her clothes the pilgrimages she has made her house
her skills in the kitchen her husbands her education
There was a housewife come from Bath, or near,
Who - sad to say - was deaf in either ear.
At making cloth she had so great a bent
She bettered those of Ypres and even of Ghent.
In all the parish there was no goodwife
Should offering make before her, on my life;
And if one did, indeed, so wroth was she
It put her out of all her charity.
Her kerchiefs were of finest weave and ground;
I dare swear that they weighed a full ten pound
Which, of a Sunday, she wore on her head.
Her hose were of the choicest scarlet red,
Close gartered, and her shoes were soft and new.
Bold was her face, and fair, and red of hue.
She`d been respectable throughout her life,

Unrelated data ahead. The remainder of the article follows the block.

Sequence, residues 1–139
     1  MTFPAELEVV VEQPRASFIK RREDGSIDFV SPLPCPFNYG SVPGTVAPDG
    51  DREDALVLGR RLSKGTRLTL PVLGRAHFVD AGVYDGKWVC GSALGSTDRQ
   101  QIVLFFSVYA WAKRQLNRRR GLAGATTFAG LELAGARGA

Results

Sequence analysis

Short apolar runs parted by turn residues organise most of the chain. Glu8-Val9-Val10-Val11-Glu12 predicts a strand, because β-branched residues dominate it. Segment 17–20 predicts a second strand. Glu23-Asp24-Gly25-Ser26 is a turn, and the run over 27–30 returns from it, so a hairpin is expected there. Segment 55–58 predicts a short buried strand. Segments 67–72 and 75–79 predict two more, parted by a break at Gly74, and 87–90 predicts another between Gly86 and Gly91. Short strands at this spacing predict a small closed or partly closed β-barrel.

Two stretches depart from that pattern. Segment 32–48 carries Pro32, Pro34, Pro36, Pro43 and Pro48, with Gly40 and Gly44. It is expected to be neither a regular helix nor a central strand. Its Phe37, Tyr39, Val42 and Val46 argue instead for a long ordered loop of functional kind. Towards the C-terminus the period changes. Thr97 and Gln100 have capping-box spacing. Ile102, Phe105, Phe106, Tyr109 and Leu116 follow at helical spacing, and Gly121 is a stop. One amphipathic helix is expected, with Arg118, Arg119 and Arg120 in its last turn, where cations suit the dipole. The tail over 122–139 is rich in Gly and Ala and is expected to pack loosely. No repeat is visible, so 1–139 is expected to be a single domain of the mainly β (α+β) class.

With five churched husbands bringing joy and strife,
Not counting other company in youth;
But thereof there`s no need to speak, in truth.
Three times she`d journeyed to Jerusalem;
And many a foreign stream she`d had to stem;
At Rome she`d been, and she`d been in Boulogne,
In Spain at Santiago, and at Cologne.
She could tell much of wandering by the way:
Gap-toothed was she, it is no lie to say.
Upon an ambler easily she sat,
Well wimpled, aye, and over all a hat
As broad as is a buckler or a targe;
A rug was tucked around her buttocks large,
And on her feet a pair of sharpened spurs.
In company well could she laugh her slurs.
The remedies of love she knew, perchance,
For of that art she`d learned the old, old dance.
E c`era una brava Comare dei dintorni di Bath,
ma, peccato, era un po` sorda. A tessere il panno